Morning Mathematical Monsters & Maniacs!
(Today’s post is sponsored by the letter “M”)
Hi, I’m Super Safi and you may remember me from such stats and strategy posts as Kwik-E-Mart Farming and the advanced losing-to-win Superheroes battle strategy.
Over the past 600+ episodes, The Simpsons has taken us on an amazing mathematical journey involving fractions, probability, Fermat’s last theorem, and hundreds of other aspects from the wonderful world off mathematics.
And what better way to start your week, then by discussing math Monday morning?
101 years ago today, the “eleventh hour of the eleventh day of the eleventh month” of 1918, the armistice took effect marking a ceasefire between the allied forces and Germany, leading to the end of World War I. In honour of the signing of the armistice, we are celebrating Rememberance Day in Canada, Veterans Day in the US, and similar holidays in countries around the world.
This week we look at the first mention of World War I and armistice in The Simpsons.
In Bart the General (Season 01, Episode 05), after defending Lisa from school bully Nelson, Bart becomes Nelson’s latest school bullying target. Having become sick of the harassment and torment, Bart, Grampa Simpson, and Herman rally the town’s children into fighting back against Nelson and his cronies.
BART: “Sound off!”
CHILDREN: “One, two!”
BART: “Sound off!”
CHILDREN: “Three, four!”
MILHOUSE: “Nelson’s at the Elm Street video arcade.”
BART: “Intelligence indicates he shakes down kids for quarters at the arcade, then heads to the Kwik-E-Mart for a cherry Squishee.”
HERMAN: “And that’s where we’ll hit him. When he leaves the Kwik-E-Mart, we start the saturation bombing. Got the water balloons?”
BART: “200 rounds, sir. (holds up a water balloon) Is it OK if they say “Happy Birthday” on the side?”
HERMAN: “I’d rather they say “Death From Above”, but I guess we’re stuck. OK.”
A lot of numbers thrown around so far. Season 1, episode 5, sound off has 1, 2, 3, 4, and they’ve prepared 200 water balloons. So today we look at a sequence that contains all of these numbers.
The Padovan sequence is the sequence of integers P(x) defined by the initial values:
P(0) = 1
P(1) = 1
P(2) = 1
This is followed by the recurrence:
P(x) = P(x-2) + P(x-3)
Plugging in values for the recurrence, we can see the first few numbers in the Padovan sequence are:
P(0) = 1
P(1) = 1
P(2) = 1
P(3) = P(1) + P(0) = 1 + 1 = 2
P(4) = P(2) + P(1) = 1 + 1 = 2
P(5) = P(3) + P(2) = 2 + 1 = 3
P(6) = P(4) + P(3) = 2 + 2 = 4
P(7) = P(5) + P(4) = 3 + 2 = 5
P(8) = P(6) + P(5) = 4 + 3 = 7
P(9) = P(7) + P(6) = 5 + 4 = 9
P(10) = P(8) + P(7) = 7 + 5 = 12
P(11) = P(9) + P(8) = 9 + 7 = 16
P(12) = P(10) + P(9) = 12 + 9 = 21
P(13) = P(11) + P(10) = 16 + 12 = 28
P(14) = P(12) + P(11) = 21 + 16 = 37
P(15) = P(13) + P(12) = 28 + 21 = 49
P(16) = P(14) + P(13) = 37 + 28 = 65
P(17) = P(15) + P(14) = 49 + 37 = 86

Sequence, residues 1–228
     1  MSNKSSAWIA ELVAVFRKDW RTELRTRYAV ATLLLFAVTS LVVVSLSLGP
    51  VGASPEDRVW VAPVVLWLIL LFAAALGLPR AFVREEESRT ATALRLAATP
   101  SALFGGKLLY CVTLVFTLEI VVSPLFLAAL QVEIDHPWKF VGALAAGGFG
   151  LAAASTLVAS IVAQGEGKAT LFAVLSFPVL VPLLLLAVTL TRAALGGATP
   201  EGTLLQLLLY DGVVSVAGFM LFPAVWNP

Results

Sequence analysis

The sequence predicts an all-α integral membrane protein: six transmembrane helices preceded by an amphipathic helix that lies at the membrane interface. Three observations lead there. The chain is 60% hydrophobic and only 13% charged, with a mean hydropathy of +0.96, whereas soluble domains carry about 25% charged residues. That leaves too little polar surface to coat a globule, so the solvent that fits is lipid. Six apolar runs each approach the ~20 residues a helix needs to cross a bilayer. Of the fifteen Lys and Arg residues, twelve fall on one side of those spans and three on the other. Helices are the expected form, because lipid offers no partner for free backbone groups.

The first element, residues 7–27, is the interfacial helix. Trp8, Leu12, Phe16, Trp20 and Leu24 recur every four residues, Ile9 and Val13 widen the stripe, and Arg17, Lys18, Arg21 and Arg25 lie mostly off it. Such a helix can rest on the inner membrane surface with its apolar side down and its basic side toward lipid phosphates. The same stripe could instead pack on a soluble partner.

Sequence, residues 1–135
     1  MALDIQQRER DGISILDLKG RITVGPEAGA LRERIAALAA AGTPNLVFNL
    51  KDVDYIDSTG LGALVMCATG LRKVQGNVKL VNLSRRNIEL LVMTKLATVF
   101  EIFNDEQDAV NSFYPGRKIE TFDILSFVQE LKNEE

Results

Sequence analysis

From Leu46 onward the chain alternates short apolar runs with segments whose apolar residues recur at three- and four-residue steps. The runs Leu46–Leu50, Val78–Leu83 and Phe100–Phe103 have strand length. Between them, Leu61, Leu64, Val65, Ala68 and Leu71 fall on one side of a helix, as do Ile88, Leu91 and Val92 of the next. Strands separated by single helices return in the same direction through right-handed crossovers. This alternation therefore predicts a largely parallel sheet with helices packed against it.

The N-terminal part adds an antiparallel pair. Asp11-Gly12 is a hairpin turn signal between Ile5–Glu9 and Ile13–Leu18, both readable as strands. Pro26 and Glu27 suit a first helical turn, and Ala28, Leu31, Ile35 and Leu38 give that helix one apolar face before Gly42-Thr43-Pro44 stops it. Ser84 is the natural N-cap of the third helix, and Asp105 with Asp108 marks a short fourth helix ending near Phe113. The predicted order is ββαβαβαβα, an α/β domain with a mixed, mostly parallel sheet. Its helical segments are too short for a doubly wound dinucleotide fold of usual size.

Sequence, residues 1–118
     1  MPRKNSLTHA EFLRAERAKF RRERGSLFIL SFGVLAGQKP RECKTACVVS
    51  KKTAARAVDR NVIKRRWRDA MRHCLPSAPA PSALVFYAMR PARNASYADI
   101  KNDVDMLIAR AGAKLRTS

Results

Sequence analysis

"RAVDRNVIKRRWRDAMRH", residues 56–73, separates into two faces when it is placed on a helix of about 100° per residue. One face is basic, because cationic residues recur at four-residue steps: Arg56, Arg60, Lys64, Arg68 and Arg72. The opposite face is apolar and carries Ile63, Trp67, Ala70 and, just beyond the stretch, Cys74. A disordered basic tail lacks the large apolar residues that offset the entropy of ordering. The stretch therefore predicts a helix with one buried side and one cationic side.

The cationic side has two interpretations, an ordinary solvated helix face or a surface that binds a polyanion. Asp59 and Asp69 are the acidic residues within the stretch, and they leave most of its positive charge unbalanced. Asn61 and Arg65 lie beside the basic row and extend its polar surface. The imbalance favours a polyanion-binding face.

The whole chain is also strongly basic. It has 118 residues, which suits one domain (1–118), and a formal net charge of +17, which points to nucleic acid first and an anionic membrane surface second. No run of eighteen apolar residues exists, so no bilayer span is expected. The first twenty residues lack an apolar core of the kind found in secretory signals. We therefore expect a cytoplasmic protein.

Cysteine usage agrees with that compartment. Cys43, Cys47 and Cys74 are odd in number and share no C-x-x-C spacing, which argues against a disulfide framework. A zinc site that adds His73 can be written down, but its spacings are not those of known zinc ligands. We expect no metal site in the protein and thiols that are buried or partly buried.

P(18) = P(16) + P(15) = 65 + 49 = 114
P(19) = P(17) + P(16) = 86 + 65 = 151
P(20) = P(18) + P(17) = 114 + 86 = 200
The sequence is named after architect Richard Padovan (born 1935), who came across it in 1994 while studying the works of Dutch architect Hans van der Laan (1904-1991). While Padovan acknowledges the sequence was discovered by van der Laan; in the field of mathematics, it was British mathematician, and sci-fi novelist, Ian Stewart (born 1945) who named the sequence after Padovan.
In 2004, Irish mathematician Paul Barry discovered Padovan sequence can be calculated by adding diagonals in Pascal’s Triangle:
Sadly, the number 6 representing the number of articles in the armistice Bart and Nelson sign, does not appear in the Padovan sequence.
HERMAN: “Armistice Treaty, article four: Nelson is never again to raise his fists in anger. Article Five: Nelson recognizes Bart’s right to exist. Article Six: Although Nelson shall have no official power he shall remain a figurehead of menace in the neighbourhood.”
Now that we’ve completed a look at Padovan sequence, why not show your love for math and sequences with your own Math Mayhem shirt or hoodie.
If you love math or enjoy reading these posts, don’t forget to stop by the Addicts Shop and check out all the paraphernalia, including the Math Mayhem shirts and hoodies.
Were you familiar with this sequence? Can you figure out the next few numbers in the sequence? Do you remember the episode from the show? Is your country commemorating a holiday today? Sound off in the comments below. You know we love hearing from you.
Ok, so these are kind of interesting, but where would one use these numbers or this information in the real world? Or even in our microcosm of a pocket Springton?
As you may have surmised from the discoverers, these are used by architects (similar to how the Saddledome in Calgary was discussed a couple weeks ago). The sequence lends itself to a very cool geometric configuration.
Thanks for the entertainment!
Back around the turn of the Millenium, SWMBO and I took Ian Stewart out for a meal, when he came to talk to the Birmingham (UK!) Science Fiction Group.
He’s a really nice guy, and I’ve now got several of his books, including Flatterland, which is a sequel to Edwin A Abbot’s Flatland, from 1884 🙂
That’s so cool!
Yeah, wow. Thank you once again for the pain to prefrontal cortex😋.
Not sure if your a Jeopardy! fan, but the semifinals of TOC started airing today and a category of “math guys” reminded me of the Super you.
Interesting stuff Safi.
Bart The General is one of my favourite episodes! 🐱
Thanks a lot Safi! This looks like a not-so-distant relative of Fibonacci numbers 😍